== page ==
I would like to add the following to the mail related to music pricing.
Although the response by Mr Anshu Jayaswal is quite good, it does not give the whole picture. This is not to take away anything from Lahari which offers low-priced music.
Music companies no longer sell just music. They sell a lifestyle to teens, tweens and youth in general who are the most important buyers of music. Especially in the USA, the big music producers often create a band, or a genre of music -- witness the growth of various boybands or a Britney Spears. Here the criterion is saleability of the stars and not the music they create. These stars are good looking and dance very well but their musical abilities are questionable. In effect music producers decide the way the music market emerges.
This involves huge marketing expenditure. But good marketing does not always sell junk music. Since not all albums sell well, pricing is atrociously high. This is again the reason why not-so-hot sellers are quickly sold at discounts and compilations brought out of hit songs from various albums.
My contention is, if promotional expenditure is reduced and sample availability improved, the "Really Good Music" will get filtered in by itself. Let the market decide what is good and what is not. I am talking about "pull" marketing rather than "push" marketing as is done now.
This will cut costs in more ways than one. Marketing costs are low, production and distribution costs are reduced, and huge inventories of all sorts of music need not be maintained. This reduces inventory costs. Of course lead time for production needs to be reduced and the music companies need to be faster in their response to demand spikes.
It is a well known arguement on various Internet postings that if the music appeals to a person, it is bought even at present day prices. So, at a lower price, it will obviously sell more and improve returns. At least that's what pricing theory tells us!
Warm wishes for the new year.
In praise of Jagjit Singh
I have strong objection to a few words in your review of Visaal.
While I do not have any reservations in agreeing to your praise of Ghulam Ali, who is par excellence in rendering ghazals, it was totally uncalled for on your part to have the following paragraph in your otherwise wonderful review:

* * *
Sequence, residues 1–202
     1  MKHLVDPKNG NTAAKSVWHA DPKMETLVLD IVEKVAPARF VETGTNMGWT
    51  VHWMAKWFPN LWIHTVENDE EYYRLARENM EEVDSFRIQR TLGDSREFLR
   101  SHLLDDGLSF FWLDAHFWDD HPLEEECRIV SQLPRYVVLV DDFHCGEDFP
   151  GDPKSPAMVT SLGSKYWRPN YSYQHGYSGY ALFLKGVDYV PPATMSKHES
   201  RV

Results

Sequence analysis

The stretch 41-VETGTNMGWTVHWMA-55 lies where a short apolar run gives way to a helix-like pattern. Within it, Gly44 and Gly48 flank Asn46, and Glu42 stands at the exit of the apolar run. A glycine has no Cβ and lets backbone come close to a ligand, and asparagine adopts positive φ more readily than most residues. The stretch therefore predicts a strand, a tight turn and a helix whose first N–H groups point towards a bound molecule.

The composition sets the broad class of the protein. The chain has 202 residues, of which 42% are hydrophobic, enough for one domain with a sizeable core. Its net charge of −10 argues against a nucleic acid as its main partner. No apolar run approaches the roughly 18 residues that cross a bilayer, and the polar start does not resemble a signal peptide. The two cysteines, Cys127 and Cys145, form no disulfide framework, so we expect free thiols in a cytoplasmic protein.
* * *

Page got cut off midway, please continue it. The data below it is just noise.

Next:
"Ghulam Ali is far superior to Jagjit Singh and Hariharan, both in the way he handles his voice and his imagination. Jagjit Singh does not much care for improvisation, and tends to simplify and then oversimplify what he sings. Hariharan takes his flexible voice through incredible acrobatics which distract from the words. Pankaj Udhas does not have rigour, and Anup Jalota is lost in the world of bhajans."
I was hurt to see the reviewer blatantly criticize Jagjit Singh and Hariharan. It was a bit disappointing that you have generalized Jagjitji's and Hariharan's ghazal rendering. If you feel that Jagjit Singh does not care much for improvization, I will gladly send you some free tickets to one of his concerts... I was in a concert where he blended a couple of his melodies with such sheer brilliance that almost everyone in the audience was taken through a journey of tears one moment and joy the next. It is still fresh in my memory after 2 years! You have surely hurt every single Jagjitji's fan with your words.
Please don't get into comparison of things when you review some items. If we have to praise Switzerland's landscapes, would we have to take come other country as an example and say it is not equally appealing? Why do we have to do that at all?
Being an ardent fan of The Music Magazine, where unbiased reviews are written, it bleeds my heart to say that I may not wish to come back to the site any more, where for the first time I found that one artist's talent is attacked to make the other look better. If a Jagjit fan reads this review, I will have company in sharing these thoughts.
Why is it a standard practice to criticize one to praise another (aka Coke vs Pepsi )??!!
(There is no question that Jagjit Singh can
improvise brilliantly, and he does that at all his live concerts. But he has himself gone on record several times to say that he simplifies his singing in order to reach a wider audience. Jagjit Singh has recorded several albums where he sings a fixed number of lines with more or less predetermined phrases -- unlike at a live concert where he musically interprets a line of poetry several times over, interacts spontaneously with his accompanists, and builds up a world of varied hues. The point of the review was that dumbing down works against the artiste's true creativity. After all, it was Jagjit Singh's improvisational creativity that made Shailendra ecstatic at the live concert. Jagjit Singh's studio recordings neglect this aspect of his art. -- Ed)
Shava shava source
I have listened to Shava shava from K3G. In the song, there are some Punjabi folk lyrics. It seems this part of the song comes from a popular folk song. Could you please tell me which soundtrack and which album it is from, if a recording exists.
Jazz tours in South-east Asia
Besides the distribution of ECM records from Germany and all related record labels like ECM New Series, Carmo, Watt, Xtra-Watt, Rune Gramophone and Japo in all South-east Asian countries (Malaysia, Singapore, Thailand, Indonesia, Philippines, Brunei), Unisono sdn bhd, located in Kuala Lumpur/ Malaysia organize jazz concerts with national and international artistes in this region.
Beginning of 2003, IMG World has booked Keith Jarrett for two concerts in Kuala Lumpur and some other ECM artists like Dave Holland and Jan Garbarek are planning for the 2002 season.
I would be very pleased to get in touch with promoters and venues in Chennai to bring some of our artistes to India (and of course the other way round too).
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